A glittering feat : Indian scientists help detect source of gold in the universe | mumbai news | Hindustan Times
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A glittering feat : Indian scientists help detect source of gold in the universe

Forty scientists from 13 Indian institutions contributed at various stages in detecting both events that has led to proving some theories and disproving others

mumbai Updated: Oct 16, 2017 23:56 IST
Snehal Fernandes
Snehal Fernandes
Hindustan Times
An illustration detailing Neutron star collision.
An illustration detailing Neutron star collision.

India and its scientists have played a critical role in detecting gravitational waves from a pair of colliding neutron stars that also released electromagnetic radiation or gamma ray bursts – this astronomical event was detected at the US-based Laser Interferometer Gravitational-Wave Observatory (LIGO) and the Europe-based Virgo for the first time on August 17, and by multiple electromagnetic observatories subsequently.

Data from the detectors along with 70 ground and space-based telescopes supports the theory that the collision of neutron stars is the primary source of gold and platinum in the universe.

Neutron stars, created by the deaths of giant stars, are the smallest and densest stars, as small as a city but with a mass of about 1.4 times that of the sun. A teaspoon of neutron star material weighs more than Mount Everest.

Forty scientists from 13 Indian institutions contributed at various stages in detecting both events that has led to proving some theories and disproving others. This involved developing fundamental algorithms that were crucial in computing waveforms for the signals – both gravitational and electromagnetic – by solving Albert Einstein’s equations, interpreting joint gravitational wave and gamma ray observations, improving the sensitivity of the detector to extract weak signals from terrestrial noise, and analysing data.

“This detection shines new light on how neutrons and protons, which are the basic constituents of matter, interact with each other. Basically, it informs us about nuclear physics in ways that terrestrial experiments cannot probe since we cannot create such dense nuclear matter in the laboratory. That’s why we go to the cosmos,” professor Sukanta Bose, Inter-University Centre for Astronomy and Astrophysics (IUCAA), Pune, and who is part of the detection told HT.

Bose recently co-authored a paper on how to strategically point telescopes to the sky to find electromagnetic counterparts to gravitational wave sources that was adapted by the Very Large Array radio telescope in New Mexico and which successfully observed electromagnetic waves from the merger.

“The usage of both gravitational and electromagnetic waves will help measure the expansion rate of the universe. The value of the expansion rate has a role to play in the ultimate fate of the universe; whether it will keep expanding or shrink in a big crunch,” Dibyendu Nandi, head, Centre of Excellence in Space Sciences India at the Indian Institute of Science Education and Research, Kolkata, told HT.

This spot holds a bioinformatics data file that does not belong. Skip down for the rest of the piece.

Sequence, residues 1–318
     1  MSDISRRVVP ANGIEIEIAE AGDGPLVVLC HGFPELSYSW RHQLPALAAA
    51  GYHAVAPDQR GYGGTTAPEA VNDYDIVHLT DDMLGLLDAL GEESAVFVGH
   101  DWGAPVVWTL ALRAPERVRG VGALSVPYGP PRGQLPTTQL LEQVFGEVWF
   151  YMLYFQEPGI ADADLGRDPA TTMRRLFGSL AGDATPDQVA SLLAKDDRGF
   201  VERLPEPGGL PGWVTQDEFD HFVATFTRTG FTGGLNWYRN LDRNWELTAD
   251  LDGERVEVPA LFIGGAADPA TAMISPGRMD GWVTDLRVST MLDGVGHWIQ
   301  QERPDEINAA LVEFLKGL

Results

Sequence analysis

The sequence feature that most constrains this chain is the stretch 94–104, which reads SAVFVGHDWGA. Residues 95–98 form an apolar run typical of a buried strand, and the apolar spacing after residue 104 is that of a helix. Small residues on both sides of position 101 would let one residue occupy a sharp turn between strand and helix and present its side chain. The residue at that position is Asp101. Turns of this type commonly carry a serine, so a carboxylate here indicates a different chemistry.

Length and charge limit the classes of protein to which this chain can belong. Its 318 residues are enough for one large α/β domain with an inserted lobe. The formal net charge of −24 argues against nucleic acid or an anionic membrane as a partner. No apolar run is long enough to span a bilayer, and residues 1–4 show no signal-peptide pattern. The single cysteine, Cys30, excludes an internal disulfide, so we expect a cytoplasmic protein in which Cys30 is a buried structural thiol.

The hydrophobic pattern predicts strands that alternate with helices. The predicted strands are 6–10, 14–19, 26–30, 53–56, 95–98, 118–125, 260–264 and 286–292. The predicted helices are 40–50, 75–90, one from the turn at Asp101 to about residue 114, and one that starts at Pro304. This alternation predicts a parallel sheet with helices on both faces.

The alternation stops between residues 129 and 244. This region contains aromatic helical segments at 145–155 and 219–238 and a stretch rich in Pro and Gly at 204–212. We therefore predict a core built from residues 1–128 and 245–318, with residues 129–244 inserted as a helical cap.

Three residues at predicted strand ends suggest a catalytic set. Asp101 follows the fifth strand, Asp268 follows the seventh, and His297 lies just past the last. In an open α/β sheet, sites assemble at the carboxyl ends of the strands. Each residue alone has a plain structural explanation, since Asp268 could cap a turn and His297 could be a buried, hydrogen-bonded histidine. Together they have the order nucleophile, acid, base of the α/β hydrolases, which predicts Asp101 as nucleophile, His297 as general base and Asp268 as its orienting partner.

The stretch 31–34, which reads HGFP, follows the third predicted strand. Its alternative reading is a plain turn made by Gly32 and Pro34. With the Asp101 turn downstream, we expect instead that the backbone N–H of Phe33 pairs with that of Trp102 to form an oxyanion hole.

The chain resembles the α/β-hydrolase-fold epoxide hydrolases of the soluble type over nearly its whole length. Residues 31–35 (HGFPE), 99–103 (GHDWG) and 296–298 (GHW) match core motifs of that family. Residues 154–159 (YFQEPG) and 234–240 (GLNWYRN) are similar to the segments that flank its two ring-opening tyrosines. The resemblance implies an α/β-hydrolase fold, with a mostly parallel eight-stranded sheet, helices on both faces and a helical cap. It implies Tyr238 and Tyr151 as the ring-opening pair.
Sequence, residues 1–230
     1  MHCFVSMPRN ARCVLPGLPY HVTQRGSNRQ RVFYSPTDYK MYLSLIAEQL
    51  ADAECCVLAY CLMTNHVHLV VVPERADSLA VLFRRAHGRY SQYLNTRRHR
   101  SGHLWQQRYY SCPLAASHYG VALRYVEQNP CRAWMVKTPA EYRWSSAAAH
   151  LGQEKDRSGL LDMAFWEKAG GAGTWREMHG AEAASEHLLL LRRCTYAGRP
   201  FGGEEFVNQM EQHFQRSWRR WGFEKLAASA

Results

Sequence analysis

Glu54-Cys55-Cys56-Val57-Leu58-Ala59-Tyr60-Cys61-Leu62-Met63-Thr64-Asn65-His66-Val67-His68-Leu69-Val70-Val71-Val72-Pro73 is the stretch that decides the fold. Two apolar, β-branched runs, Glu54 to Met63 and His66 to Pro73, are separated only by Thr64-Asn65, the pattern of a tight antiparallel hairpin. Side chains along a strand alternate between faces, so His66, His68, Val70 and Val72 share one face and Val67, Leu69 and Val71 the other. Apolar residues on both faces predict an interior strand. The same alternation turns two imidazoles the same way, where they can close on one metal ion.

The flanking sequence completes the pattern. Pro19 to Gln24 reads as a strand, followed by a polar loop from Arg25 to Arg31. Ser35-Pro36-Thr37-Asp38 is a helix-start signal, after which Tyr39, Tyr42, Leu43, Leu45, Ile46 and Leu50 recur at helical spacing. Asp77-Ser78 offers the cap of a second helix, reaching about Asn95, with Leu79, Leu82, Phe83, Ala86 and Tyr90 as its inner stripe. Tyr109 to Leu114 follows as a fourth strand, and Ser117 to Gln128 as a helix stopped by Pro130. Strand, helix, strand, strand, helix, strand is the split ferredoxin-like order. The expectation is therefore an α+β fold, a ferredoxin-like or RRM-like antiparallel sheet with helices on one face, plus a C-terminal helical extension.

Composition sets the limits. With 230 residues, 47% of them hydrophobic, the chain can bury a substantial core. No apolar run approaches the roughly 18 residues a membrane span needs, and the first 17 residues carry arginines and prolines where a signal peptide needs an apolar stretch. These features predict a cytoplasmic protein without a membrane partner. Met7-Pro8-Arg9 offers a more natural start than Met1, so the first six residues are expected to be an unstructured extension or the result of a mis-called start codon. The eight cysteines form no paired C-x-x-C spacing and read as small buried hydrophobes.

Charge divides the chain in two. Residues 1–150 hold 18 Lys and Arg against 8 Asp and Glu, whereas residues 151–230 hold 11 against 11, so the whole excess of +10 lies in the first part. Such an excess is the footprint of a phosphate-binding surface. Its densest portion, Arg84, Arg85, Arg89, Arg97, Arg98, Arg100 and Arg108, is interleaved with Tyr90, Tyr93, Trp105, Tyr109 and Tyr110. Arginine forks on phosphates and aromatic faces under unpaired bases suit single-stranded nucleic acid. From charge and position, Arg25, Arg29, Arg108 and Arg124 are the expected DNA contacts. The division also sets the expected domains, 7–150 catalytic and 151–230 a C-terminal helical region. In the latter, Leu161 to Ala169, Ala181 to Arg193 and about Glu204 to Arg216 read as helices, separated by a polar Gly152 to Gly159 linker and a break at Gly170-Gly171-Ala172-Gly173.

In addition to the contribution by Indian scientists, several Indian telescopes such as the Astrosat, Giant Metrewave Radio Telescope and the Himalayan Chandra Telescope also searched for various forms of electromagnetic radiation following the collision of the neutron stars.

The story so far

On August 17, gravitational waves from a pair of colliding neutron stars were detected for the first time at the US-based Laser Interferometer Gravitational-Wave Observatory (LIGO) and the Europe-based Virgo detector.

Neutron stars, created by the death of giant stars, are the smallest and densest stars known to exist. Though their mass is about 1.4 times that of the sun, they have a diameter of just about 20 kilometers.

Scientists tracked these neutron stars, weighing about 1.1 to 1.6 times the mass of the sun, for about 100 seconds as they spiralled towards each other in a final deadly dance and collided.

This is the strongest gravitational-wave signal detected so far since the location of the event was about 130 million light-years, which is relatively close to the earth.

The collision of the neutron stars generated electromagnetic radiation, or including gamma ray bursts that were detected by earth-orbiting satellites just two seconds after the gravitational waves thereby confirming conjectures that such collisions would emit both.

The concurrent observation of gravitational waves and gamma rays – only 1.7 seconds apart from each other also confirmed Albert Einstein’s theory that gravitational waves travel at the speed of light.

Till date, astronomers have detected four gravitational waves only from merging black holes. The first ever gravitational waves were discovered in September 2015, which led to Rainer Weiss, a physics professor at Massachusetts Institute of Technology, and Kip Thorne and Barry Barish, who are both physics professors at Caltech wining the Nobel Prize in Physics this year.

A total of 40 scientists from 13 Indian institutions are part of the LIGO-Virgo discovery paper published in Physical Review Letters.